Disney CEO Bob Iger said Lucasfilm had already developed an extensive story line on the next trilogy, and Episode 7 was now in early-stage development. He said he talked with Lucas about buying the company from him a year and a half ago, but they didn't decide on a deal until very recently as Lucas set in motion his retirement.
"The last 'Star Wars' movie release was 2005's 'Revenge of the Sith' and we believe there's substantial pent-up demand," Iger said.
The blockbuster deal announced Tuesday will see Disney pay half the acquisition price in cash and half in newly issued stock. The company expects it to add to earnings in 2015. Along with the cash, Lucas will end up owning about 40 million Disney shares, which is about a 2.2 percent stake of the 1.83 billion shares that will be in circulation when the transaction closes.
The deal includes Lucasfilm's prized high-tech production companies, Industrial Light & Magic and Skywalker Sound, as well as rights to the "Indiana Jones" franchise.
The deal brings Lucasfilm under the Disney banner with other brands including Pixar, Marvel, ESPN and ABC, all companies that Disney has acquired over the years.
Lucas was hailed as a cinematic visionary when the original "Star Wars" came out in 1977. But he had become an object of often-vicious ridicule by the time he released 3-D versions of all six films in the Star Wars franchise earlier this year.
Die-hard Star War fans had been vilifying Lucas for years, convinced that he had become a commercial sell-out and had compounded his sins by desecrating the heroic tale that he originally sought to tell.
They railed against him for adding grating characters such as Jar Jar Binks in the second trilogy and attacked him for tinkering with the original trilogy, too. Any revision in special edition or home video releases such as making the Ewoks blink or having a green-skinned alien named Greedo take the first shot at Han Solo in a famous bar scene were treated as blasphemy.
The criticism grated on Lucas, who vowed never to make another Star Wars movie.
"Why would I make any more when everybody yells at you all the time and says what a terrible person you are?" Lucas told The New York Times earlier this year.
"Indiana Jones and the Kingdom of the Crystal Skull," the fourth film in another lucrative franchise, subjected Lucas to even more barbs when it came to the big screen in 2008. Fans of those films were especially outraged about an opening scene that featured Indiana Jones crawling into a lead-lined refrigerator to survive a nuclear bomb blasting.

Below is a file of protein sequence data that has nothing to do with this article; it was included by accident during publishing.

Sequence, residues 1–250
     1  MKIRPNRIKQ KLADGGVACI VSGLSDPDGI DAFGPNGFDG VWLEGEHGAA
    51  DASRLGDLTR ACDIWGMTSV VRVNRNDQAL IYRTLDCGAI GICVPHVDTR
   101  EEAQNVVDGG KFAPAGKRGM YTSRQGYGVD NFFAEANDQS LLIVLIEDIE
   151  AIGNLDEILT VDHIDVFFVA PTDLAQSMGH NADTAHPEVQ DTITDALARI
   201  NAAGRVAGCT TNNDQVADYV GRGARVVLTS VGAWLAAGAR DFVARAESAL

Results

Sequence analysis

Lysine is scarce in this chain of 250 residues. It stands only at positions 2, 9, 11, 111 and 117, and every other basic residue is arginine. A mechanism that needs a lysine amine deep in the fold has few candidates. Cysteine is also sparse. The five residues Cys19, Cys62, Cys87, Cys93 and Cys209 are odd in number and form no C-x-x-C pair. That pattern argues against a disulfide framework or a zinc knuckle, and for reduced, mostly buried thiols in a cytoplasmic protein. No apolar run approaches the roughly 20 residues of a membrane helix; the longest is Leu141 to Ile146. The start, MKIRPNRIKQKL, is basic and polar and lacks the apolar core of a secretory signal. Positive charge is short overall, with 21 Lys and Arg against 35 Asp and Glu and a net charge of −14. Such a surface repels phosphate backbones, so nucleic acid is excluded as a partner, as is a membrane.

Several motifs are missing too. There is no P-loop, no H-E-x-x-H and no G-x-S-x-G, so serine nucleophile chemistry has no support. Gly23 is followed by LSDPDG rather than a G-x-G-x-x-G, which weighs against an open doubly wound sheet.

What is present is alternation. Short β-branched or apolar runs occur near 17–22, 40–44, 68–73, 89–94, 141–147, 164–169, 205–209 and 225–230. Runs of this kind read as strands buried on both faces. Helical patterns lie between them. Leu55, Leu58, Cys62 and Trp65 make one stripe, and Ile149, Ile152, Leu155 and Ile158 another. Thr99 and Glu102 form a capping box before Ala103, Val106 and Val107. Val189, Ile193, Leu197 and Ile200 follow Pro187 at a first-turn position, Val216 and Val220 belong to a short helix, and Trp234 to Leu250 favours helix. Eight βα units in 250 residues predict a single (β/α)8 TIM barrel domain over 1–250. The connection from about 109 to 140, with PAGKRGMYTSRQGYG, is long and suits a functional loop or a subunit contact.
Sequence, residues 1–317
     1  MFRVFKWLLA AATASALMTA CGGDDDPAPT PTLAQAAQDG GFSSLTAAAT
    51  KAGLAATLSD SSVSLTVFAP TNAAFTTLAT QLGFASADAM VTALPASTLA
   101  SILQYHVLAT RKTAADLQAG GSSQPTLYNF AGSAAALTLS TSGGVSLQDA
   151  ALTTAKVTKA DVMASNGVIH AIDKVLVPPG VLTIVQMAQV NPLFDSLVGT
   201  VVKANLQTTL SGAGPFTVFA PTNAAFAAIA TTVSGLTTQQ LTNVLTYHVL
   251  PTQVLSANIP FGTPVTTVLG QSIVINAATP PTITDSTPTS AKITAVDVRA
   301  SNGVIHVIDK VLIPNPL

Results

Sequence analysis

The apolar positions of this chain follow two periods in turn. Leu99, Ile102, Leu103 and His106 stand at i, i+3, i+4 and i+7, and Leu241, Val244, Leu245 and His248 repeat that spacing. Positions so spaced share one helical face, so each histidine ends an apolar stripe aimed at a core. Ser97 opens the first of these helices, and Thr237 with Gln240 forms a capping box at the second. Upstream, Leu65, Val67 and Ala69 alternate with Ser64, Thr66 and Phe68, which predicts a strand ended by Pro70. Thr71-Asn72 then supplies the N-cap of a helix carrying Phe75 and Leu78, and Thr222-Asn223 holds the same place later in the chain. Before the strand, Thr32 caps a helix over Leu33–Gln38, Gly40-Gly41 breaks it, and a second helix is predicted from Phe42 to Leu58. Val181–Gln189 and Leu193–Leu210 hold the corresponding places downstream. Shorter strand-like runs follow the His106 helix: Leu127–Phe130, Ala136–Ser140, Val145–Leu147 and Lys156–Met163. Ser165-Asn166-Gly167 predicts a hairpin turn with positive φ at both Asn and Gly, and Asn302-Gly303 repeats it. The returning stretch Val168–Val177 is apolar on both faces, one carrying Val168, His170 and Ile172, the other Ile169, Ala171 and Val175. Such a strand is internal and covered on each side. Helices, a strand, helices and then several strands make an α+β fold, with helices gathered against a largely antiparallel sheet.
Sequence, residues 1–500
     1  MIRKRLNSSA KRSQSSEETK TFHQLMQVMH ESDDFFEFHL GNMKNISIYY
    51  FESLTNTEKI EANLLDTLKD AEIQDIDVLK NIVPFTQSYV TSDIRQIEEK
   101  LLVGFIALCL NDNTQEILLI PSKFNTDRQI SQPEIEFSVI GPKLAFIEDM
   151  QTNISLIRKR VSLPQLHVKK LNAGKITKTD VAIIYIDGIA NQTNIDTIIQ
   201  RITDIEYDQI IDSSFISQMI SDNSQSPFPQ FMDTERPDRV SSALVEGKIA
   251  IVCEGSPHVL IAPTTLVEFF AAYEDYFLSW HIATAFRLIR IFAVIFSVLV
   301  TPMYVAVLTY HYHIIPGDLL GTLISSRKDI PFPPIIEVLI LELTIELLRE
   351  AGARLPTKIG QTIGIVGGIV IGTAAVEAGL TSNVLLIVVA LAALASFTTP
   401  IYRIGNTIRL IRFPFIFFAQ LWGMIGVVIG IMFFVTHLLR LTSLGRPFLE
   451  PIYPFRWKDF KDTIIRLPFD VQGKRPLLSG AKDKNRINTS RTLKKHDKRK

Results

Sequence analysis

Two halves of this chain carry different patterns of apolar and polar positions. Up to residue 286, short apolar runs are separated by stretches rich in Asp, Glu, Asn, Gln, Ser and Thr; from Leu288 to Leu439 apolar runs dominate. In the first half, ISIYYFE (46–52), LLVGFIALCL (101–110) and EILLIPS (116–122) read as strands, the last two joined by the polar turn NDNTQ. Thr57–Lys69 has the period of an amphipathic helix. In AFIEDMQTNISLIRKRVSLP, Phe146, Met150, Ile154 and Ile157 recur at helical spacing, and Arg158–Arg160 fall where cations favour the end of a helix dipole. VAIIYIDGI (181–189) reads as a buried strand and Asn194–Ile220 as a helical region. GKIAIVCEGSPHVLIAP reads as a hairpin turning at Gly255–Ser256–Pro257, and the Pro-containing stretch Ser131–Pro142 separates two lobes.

Lucas was fed up by the time he released "Red Tails," a movie depicting the valor of African-American pilots during World War II, earlier this year. He told the Times he was ready to retire from the business of making blockbusters and return to his roots as a student at USC's film school, where he once made a movie about clouds moving in a desert.
Kathleen Kennedy, the current co-chairman of Lucasfilm, will become the division's president and report to Walt Disney Studios Chairman Alan Horn. She will serve as executive producer for the new movies. Directors for the new movies have not yet been announced.
In the YouTube video, Lucas said the decision to continue with the saga wasn't inconsistent with past statements.
"I always said I wasn't going to do any more and that's true, because I'm not going to do any more, but that doesn't mean I'm unwilling to turn it over to Kathy to do more," Lucas said.
He said he has given Kennedy his story lines and other ideas, "and I have complete confidence that she's going to take them and make great movies."
Kennedy added that she and Lucas had discussed ideas with a couple of writers about the future movies and said Lucas would continue to have a key advisory role. "My Yoda has to be there," she said.
A former weatherman who rose through the ranks of ABC, Iger has orchestrated some of the company's biggest acquisitions, including the $7.4 billion purchase of animated movie studio Pixar in 2006 and the $4.2 billion acquisition of comic book giant Marvel in 2009.
Coincidentally, Lucas owned the startup that later became Pixar, before he sold it to Apple's Steve Jobs in 1986 for about $5 million. When Jobs sold Pixar to Disney, he became Disney's largest single shareholder with a 7.7 percent stake. Those shares are now held in a trust.
Disney shares were not trading with stock markets closed due to the impact of Superstorm Sandy in New York. They closed on Friday at $50.08.